Herpes genitalis was the most common condition in a study by Jayasree et al., but seropositivity was greatest in patients with syphilis (36% vs. 30% in patients with herpes genitalis). Banerjee et al. found that, among the STD cases in HIV-positive patients, herpes genitalis was most common, followed by condyloma acuminata and nonherpetic genital ulcer. According to Devi et al., HIV seropositivity was more common in patients who presented with ulcerative STDs than with nonulcerative STDs. Multiple STDs were seen in 45% of the patients, while 55% of them had a single STD diagnosis. Twelve (7.7%) patients had more than one sexually transmitted infection in another study. According to Vora et al., among the ulcerative group, herpes genitalis was the most common overall, followed by chancroid and syphilis. Among the nonulcerative group, genital warts were the most common, followed by genital molluscum contagiosum and the total incidence of urethritis was 10.94% of all STDs.
The findings of this study demonstrate genito ulcerative disease, the most common coexisting STD with HIV, is a major cofactor in the transmission in the HIV epidemic. Nsubuga et al. showed that a relationship exists between the history of STD and HIV; in addition, patients who had genital ulcer disease at the time of examination were more likely to have HIV than those who did not have genital ulcer disease. Hence, a greater attention has to be focused on the control of STDs, as there exists a strong correlation between the spread of conventional STDs and HIV transmission, and both ulcerative and nonulcerative STDs have been found to increase the risk of sexual transmission of HIV. Our study had few limitations including small sample size and single-center study. A large multicentric study is needed for knowing more about STDs and HIV.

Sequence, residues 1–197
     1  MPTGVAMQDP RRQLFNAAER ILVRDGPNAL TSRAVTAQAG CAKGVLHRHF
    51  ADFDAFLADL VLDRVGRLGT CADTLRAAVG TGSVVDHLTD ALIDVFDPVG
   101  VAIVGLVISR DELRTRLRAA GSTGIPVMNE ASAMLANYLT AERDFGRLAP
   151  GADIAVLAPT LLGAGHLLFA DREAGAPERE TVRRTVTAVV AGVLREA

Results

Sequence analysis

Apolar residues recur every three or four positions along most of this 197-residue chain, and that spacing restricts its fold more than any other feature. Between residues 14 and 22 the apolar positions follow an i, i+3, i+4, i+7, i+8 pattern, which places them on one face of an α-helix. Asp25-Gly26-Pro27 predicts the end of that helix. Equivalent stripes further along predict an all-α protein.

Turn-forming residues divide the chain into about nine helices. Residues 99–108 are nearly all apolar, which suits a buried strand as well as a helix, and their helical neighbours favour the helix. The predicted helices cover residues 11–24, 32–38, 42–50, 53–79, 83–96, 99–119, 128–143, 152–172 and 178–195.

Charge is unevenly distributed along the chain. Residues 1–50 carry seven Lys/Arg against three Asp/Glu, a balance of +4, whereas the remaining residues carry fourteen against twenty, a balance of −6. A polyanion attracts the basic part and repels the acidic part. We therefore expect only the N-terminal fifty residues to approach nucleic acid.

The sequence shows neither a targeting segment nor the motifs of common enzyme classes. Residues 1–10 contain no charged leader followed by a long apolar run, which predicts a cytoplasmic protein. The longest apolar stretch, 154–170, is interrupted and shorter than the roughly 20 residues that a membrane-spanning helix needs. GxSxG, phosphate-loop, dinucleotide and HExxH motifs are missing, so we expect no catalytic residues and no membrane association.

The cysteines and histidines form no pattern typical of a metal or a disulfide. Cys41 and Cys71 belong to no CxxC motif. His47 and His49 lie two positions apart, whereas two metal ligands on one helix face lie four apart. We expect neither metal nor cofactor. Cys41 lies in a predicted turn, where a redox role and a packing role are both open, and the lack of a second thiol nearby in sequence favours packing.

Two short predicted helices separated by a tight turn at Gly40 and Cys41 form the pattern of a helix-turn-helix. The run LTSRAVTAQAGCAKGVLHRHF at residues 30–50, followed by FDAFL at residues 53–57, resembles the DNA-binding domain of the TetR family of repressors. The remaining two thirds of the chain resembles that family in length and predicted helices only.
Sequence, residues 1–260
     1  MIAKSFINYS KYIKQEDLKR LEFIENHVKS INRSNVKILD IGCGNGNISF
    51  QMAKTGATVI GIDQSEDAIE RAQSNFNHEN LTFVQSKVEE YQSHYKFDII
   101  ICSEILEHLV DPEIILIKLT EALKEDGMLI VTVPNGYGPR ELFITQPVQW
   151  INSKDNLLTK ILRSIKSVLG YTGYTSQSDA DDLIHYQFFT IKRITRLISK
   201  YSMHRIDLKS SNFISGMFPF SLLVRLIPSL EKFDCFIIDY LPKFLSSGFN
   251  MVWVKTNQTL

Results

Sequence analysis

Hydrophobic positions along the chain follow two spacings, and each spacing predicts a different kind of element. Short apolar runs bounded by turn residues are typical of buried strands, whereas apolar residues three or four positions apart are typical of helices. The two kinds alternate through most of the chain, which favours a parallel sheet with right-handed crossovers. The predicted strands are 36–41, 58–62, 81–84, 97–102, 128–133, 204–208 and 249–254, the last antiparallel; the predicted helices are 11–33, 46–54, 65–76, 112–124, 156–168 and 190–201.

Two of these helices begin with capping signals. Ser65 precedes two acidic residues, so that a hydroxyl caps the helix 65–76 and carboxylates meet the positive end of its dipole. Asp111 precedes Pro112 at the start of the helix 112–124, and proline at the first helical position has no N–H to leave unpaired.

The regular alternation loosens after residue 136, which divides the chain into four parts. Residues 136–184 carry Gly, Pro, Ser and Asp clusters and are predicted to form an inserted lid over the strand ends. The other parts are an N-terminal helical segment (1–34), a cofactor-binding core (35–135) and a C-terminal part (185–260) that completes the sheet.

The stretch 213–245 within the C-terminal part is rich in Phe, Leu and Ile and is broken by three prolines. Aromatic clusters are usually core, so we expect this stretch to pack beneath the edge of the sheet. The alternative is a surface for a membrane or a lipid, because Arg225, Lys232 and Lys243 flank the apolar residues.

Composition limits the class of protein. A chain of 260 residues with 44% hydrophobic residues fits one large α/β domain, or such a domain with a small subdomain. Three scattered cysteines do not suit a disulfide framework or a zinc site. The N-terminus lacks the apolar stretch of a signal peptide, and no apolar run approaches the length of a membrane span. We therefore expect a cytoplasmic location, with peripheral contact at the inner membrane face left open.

| Conclusion|| |
Genital ulcer disease was the most common symptom or presenting complaint in patients with HIV and coexisting STDs. HIV patients can have multiple coexisting STDs. Viral STDs were the most common coexisting STDs with HIV, with herpes genitalis being most common. Female HIV patients are more likely to have multiple venereal diseases when compared to male HIV patients. Patients with HIV infection with coexisting STD should be subjected to careful clinical examination and also screened for other STDs too. Management of the patient needs a holistic approach, with partner management too being of par importance. Educating the public, particularly the young, about safe sex and condom usage needs to be greatly stressed upon.
Financial support and sponsorship
Conflicts of interest
There are no conflicts of interest.
| References|| |
Marfatia YS, Sharma A, Joshipura SP. Overview of sexually transmitted diseases. In: Valia RG, Valia AR, editors. IADVL Textbook of Dermatology. 3rd
ed., Vol. 59. Mumbai: Bhalani Publishing House; 2008. p. 1766-78.
Thappa DM, Sivaranjini R. Venereology in India. Indian J Dermatol 2011;56:363-7.
] [Full text]